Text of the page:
Absence, Negation, Impossibility and Falsity in Children’s First Writing

  • Clotilde Pontecorvo
  • Franca Rossi
Part of the Studies in Writing book series (STUW, volume 8)

Abstract

The study aims at investigating the hypotheses that preliterate children work out, before the systematic teaching of writing, about the written representation of negation, absence, impossibility, and falsity. This problematic area has been previously investigated by Ferreiro (1981; 1997) and by Olson (1996). The present study focuses on a whole range of tasks concerning written representation, that were presented to 62 preliterate children, attending kindergarten and having an age between 4 yrs. 8 mth. and 6 yrs. 5 mth. The children were given a complex interview, including tasks that concerned children’s skill in representing negation, quantifiers and absence, and the written representation of impossible and false statements. Some of these tasks may create representational problems in children, since a contrast between reality and writing was purposively created. We expected a relationship between children’s writing development (that we measured independently) and their answers, at least in the two first tasks.

The results showed a difference between children who are at different levels of writing development: those whose writings were in the first phases are often available to “write” everything. Those who wrote in ways that are closer to the conventional system of writing, showed limited refusal to write absence, while they often refused to write statements that are impossible and false and verbally argued about them. There is also a difference in the role of writing development as concerns this field of representation. A consistent group of children (who wrote in a syllabic and/or alphabetic way) refused to write down phrases that described falsity and impossibility, while they were available to write about negation and absence. This proved that they did not require overcoming an objectivistic view (in which an object must be present to be written down) but rather they have to cope with an attributed truth value to any writing. Thus we do not share the position of Olson (1996) who stated that children cannot write absence or negation because they think that writing concerns an existing object and not a word. This could be true only at a very initial level of writing development and can explain only some results in the first two tasks of our interview, concerning negation and absence. As concerns the other two tasks of writing about impossibility and falsity, the difficulty encountered by children who wrote at a syllabic and/or alphabetical level and who have surely overcome any objectivistic view of writing, seems to have to do with the necessary truth value of what you write. This latter aspect deserves further studies.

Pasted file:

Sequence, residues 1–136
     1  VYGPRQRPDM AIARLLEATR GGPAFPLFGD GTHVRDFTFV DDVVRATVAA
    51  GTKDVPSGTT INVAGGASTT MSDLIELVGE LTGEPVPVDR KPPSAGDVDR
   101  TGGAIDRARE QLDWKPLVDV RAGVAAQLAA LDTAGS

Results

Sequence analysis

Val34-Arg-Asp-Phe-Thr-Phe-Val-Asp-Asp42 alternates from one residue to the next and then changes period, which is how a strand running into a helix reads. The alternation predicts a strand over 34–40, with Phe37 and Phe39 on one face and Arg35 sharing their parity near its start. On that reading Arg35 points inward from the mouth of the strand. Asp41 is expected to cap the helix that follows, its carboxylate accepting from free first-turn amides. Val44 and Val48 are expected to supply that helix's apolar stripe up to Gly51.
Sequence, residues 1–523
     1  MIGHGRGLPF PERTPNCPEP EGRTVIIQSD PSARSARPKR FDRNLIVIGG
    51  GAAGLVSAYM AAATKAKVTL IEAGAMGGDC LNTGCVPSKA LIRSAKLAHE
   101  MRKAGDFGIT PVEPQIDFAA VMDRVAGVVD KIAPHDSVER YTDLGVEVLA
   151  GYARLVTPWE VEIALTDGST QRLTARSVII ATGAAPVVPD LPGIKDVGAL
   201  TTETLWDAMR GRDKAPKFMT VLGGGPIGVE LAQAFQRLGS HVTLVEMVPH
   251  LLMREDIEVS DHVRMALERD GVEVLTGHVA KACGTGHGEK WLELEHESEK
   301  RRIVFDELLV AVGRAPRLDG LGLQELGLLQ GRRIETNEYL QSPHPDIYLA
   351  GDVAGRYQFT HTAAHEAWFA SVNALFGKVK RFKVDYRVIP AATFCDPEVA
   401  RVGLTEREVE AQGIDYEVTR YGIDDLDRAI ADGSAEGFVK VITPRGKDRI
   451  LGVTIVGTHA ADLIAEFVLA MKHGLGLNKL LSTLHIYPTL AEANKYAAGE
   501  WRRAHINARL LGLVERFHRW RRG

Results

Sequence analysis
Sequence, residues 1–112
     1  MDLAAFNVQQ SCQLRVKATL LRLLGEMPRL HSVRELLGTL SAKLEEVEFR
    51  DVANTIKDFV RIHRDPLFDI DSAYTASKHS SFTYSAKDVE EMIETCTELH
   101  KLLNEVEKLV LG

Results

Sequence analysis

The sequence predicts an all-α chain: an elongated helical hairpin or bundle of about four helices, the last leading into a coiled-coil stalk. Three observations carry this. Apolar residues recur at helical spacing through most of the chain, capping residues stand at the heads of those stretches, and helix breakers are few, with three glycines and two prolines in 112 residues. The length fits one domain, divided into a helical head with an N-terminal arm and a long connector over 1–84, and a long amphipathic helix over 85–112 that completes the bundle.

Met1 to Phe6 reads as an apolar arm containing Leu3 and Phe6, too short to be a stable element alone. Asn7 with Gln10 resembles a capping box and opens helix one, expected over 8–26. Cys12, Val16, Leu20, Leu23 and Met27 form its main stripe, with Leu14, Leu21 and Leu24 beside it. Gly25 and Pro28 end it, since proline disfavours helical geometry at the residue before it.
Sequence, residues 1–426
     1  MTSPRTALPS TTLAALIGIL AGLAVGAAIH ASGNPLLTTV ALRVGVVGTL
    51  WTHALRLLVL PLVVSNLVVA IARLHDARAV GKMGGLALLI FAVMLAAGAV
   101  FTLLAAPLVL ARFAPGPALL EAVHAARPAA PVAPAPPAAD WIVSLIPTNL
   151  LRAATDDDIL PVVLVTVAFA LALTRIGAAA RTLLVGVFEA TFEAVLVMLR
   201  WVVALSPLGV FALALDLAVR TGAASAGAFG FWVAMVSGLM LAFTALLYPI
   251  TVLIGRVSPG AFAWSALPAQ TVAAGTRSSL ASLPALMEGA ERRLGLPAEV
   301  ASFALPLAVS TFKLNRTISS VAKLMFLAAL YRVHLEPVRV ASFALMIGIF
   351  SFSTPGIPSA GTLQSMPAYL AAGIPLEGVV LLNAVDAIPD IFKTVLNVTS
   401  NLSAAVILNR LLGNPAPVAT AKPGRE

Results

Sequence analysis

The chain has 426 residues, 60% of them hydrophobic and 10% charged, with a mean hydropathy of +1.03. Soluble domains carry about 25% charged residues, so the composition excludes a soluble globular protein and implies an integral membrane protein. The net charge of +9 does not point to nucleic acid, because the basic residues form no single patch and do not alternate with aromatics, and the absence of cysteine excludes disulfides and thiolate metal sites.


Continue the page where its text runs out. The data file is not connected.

Key words

early writing levels of writing Italian representation of content representation of negation impossibility falsity 

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Copyright information

© Springer Science+Business Media Dordrecht 2001

Authors and Affiliations

  • Clotilde Pontecorvo
    • 1
  • Franca Rossi
    • 1
  1. 1.University of Rome “La Sapienza”Italy

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